Goritsy--July 30, 2005--Monastery of St. Kirill, Visit to Local Home


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While cruising in the morning, we passed a submerged church (29).  During Soviet times, religious worship was officially forbidden and many churches were abandoned or destroyed.  In some areas, the construction of dams and power plants caused flooding which submerged the abandoned churches in addition to other property. Photo 30 shows two young girls from Switzerland who were on the cruise with their parents and younger brother.  They were in Russia to eventually visit their grandmother in Moscow at the end of the cruise.


Once we reached Goritsy, we traveled by bus to the Monastery of St. Kirill of the White Lake (32-54).  The monastery was founded in the 14th century by a pious monk who left Moscow because he found that city lacked spirituality.  The monastery eventually became close to the Czar's family and by the 18th century, it had 20,000 serfs and many treasures, a few of which are shown in the photos. However, moral corruption eventually took over the monastery and its leadership sided with the White Guards against the Bolsheviks after the 1917 Revolution.  This failed; the Bolsheviks shot the reigning bishop and the monastery was put under state control in 1923.  In 1969, it was declared a museum by the Soviet government.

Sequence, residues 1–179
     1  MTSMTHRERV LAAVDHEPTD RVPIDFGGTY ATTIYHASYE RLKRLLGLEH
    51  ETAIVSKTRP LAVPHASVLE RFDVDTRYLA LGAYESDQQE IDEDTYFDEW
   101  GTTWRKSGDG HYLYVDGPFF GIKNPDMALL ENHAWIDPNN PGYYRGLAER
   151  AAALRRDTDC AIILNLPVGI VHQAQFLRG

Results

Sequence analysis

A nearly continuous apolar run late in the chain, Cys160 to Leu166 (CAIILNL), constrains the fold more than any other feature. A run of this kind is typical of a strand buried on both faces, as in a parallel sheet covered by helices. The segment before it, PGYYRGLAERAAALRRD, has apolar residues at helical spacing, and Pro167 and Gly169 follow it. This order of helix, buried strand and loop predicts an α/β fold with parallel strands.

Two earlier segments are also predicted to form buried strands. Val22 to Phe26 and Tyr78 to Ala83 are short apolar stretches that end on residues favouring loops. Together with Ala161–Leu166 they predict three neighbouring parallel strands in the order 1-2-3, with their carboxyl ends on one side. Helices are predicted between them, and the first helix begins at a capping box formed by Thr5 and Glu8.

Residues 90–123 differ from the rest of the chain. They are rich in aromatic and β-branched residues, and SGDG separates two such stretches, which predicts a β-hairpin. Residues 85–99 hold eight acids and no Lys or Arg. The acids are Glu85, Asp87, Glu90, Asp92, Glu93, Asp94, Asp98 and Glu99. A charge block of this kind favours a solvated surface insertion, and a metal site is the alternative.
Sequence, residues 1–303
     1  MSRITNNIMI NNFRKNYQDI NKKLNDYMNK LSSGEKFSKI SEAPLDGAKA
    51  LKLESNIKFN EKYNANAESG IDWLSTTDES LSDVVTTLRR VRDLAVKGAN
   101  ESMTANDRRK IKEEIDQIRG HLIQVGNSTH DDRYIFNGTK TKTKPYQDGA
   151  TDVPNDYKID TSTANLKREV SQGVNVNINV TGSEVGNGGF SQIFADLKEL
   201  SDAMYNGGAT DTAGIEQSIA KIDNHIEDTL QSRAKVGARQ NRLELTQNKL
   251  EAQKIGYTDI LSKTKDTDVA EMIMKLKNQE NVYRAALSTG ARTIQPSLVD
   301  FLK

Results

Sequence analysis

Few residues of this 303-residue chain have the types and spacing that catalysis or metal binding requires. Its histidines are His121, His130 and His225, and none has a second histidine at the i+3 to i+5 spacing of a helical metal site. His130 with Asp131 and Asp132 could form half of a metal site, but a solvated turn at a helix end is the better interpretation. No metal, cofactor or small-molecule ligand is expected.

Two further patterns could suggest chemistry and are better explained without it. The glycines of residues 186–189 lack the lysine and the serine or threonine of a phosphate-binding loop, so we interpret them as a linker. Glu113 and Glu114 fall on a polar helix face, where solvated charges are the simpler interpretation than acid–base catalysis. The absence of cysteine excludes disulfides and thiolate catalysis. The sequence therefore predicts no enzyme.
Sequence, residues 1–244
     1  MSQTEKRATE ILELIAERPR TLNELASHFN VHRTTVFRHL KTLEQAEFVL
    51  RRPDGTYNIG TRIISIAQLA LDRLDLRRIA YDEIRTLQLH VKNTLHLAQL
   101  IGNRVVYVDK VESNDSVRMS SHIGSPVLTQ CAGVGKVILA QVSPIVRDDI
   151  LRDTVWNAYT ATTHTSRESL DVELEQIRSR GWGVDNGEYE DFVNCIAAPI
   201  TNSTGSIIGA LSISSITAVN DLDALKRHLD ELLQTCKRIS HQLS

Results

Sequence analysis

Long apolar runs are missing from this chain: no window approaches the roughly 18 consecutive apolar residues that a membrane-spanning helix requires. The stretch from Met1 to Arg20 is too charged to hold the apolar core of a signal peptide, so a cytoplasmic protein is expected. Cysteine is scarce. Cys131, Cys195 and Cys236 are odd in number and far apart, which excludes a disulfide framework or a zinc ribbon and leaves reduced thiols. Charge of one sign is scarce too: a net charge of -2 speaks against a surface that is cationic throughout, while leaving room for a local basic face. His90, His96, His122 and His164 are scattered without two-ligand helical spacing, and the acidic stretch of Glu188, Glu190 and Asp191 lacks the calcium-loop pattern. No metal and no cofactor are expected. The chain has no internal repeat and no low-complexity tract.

On the way back to the ship, we encountered a local home open for inspection (55-63).  The owner, unemployed, showed us around what seemed to be a typical home for the area.

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